Photography, embodiment, and memory

It’s a curious thing, but when you’re behind a camera, especially one where you have to put your eye close to the viewfinder to see the field of view, you sometimes forget to really look at things and take them in properly. It starts to feel like the camera will do the remembering for you.

There’s a photo of me when I was little, poking a twig between the wooden slats of a bridge. I think my body remembers standing on that bridge, bending over and carefully inserting the twig in the gap. But maybe my memory is overlaid by the photo.

When I got handfasted, one of the best bits of advice was to photograph it with your brain. As the pivotal moments went by, I tried to record them visually in memory. This is us leaping the broomstick, putting rings on each other’s fingers, the first dance, cutting the cake with a sword. But there are also photos of each of these moments which can easily overlay the more ephemeral memory that is stored in your brain.

One of the great things about taking pictures on a cellphone is that you don’t need to put the viewfinder right up to your eye, and the process of framing the scene is a lot quicker than with a large SLR (big camera with a lens, for the non-technical). The advent of digital cameras made photo editing and cropping much easier too; and you can try out umpteen different filters at the click of a button. This makes the photographer less like a cyborg and restores them to the social context.

You can also have a phone in your pocket and forget (more or less) that it’s there, whereas if you have a large chunky SLR, you don’t forget that it’s there, and walk around looking at the scene around you as a series of photographic compositions, instead of as a place or landscape in its own right.

I once went to the temple of Asklepios on the island of Kos, and the first time I went, I had my SLR camera with me, so I was looking at it as a series of photos. I went back a second time without the camera, and it was a completely different experience.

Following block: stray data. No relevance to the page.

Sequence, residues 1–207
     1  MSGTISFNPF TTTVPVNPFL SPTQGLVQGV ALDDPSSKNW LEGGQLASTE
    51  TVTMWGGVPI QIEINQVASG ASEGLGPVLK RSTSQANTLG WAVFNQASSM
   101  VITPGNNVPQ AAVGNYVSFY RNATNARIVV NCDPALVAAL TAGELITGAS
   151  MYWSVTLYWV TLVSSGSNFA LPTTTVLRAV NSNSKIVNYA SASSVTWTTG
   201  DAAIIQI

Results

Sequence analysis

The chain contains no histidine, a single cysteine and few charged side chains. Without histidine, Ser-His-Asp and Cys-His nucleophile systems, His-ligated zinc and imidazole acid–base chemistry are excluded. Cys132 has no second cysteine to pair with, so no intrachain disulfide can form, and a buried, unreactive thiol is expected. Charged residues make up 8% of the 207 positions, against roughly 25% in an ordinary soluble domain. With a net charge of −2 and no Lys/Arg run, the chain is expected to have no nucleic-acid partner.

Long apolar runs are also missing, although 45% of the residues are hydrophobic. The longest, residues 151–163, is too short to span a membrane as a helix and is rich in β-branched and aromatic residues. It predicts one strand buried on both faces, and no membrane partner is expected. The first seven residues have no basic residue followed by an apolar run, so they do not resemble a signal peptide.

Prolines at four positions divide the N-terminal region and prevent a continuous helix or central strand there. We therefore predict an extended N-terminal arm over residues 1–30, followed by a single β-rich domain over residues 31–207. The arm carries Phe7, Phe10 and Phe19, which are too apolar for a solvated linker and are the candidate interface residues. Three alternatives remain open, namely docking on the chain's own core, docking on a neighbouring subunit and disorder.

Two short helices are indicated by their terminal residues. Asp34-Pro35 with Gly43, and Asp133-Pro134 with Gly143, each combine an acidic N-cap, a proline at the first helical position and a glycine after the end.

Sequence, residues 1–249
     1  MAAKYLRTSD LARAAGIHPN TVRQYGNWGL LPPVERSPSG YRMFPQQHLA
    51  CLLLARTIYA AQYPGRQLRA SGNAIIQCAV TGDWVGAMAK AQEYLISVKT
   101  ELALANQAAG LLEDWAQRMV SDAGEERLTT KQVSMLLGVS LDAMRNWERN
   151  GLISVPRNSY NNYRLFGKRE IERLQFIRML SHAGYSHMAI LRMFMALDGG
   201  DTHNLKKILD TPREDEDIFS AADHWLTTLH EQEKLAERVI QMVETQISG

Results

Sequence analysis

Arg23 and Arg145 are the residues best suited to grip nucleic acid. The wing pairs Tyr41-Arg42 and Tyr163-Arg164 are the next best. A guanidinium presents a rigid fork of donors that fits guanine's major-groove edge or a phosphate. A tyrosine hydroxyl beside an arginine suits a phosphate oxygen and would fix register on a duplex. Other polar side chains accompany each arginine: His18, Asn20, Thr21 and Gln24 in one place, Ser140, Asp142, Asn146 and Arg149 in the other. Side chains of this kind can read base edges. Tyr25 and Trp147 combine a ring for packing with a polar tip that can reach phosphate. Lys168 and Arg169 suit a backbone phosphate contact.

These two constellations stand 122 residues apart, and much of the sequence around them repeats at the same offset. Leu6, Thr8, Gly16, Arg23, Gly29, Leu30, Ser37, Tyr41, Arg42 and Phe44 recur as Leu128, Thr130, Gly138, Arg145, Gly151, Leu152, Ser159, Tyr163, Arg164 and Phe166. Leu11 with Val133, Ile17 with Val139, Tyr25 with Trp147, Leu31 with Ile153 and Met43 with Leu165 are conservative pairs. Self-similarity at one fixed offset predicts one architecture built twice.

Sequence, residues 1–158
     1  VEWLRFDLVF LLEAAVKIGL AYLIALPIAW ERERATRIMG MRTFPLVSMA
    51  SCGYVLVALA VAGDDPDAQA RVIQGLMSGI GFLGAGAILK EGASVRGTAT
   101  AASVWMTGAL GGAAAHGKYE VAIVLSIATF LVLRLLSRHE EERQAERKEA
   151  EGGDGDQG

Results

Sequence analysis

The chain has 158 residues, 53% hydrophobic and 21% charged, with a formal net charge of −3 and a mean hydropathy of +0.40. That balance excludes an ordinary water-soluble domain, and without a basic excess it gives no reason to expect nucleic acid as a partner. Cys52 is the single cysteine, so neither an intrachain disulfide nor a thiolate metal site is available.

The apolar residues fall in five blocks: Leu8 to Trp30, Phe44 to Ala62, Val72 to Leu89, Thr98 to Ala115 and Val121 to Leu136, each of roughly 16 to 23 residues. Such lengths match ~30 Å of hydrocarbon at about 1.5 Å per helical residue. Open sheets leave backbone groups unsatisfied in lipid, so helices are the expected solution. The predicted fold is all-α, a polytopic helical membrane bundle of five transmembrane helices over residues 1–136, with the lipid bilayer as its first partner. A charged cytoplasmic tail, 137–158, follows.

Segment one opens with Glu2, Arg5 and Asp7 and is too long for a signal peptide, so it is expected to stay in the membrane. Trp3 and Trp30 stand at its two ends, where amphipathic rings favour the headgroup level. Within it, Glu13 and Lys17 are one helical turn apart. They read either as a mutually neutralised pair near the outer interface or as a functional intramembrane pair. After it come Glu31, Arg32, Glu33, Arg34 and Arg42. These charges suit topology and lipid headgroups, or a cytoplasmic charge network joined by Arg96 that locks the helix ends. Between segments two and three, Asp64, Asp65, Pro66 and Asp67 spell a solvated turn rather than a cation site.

When I’ve visited sacred sites with a cellphone or digital camera in my pocket, I can put it out of my mind and focus on the atmosphere of the place, and stop framing it as a series of compositions.

Embodied photography

I’m currently doing a photo challenge on Instagram, with a word for each day, like tree, circle, water, divination, offering. The challenge is hosted by @covenofcrows on Instagram. If you would like to see my pictures, my Instagram account is @birdberrybooks.

On Saturday, we went for a walk at Mount Nemo, and I started looking for circles to take pictures of, which made me look at my surroundings in a different way; suddenly there were circles everywhere. We even made a circle out of twigs.

Sculptures by Walt Rickli.

Photography, used sparingly, can make us more aware of our surroundings, more creative; but it can also disconnect us from our bodies and our embodied memories.

It can also create community and connections, as we are offered little windows into each other’s lives, worlds, sacred spaces.

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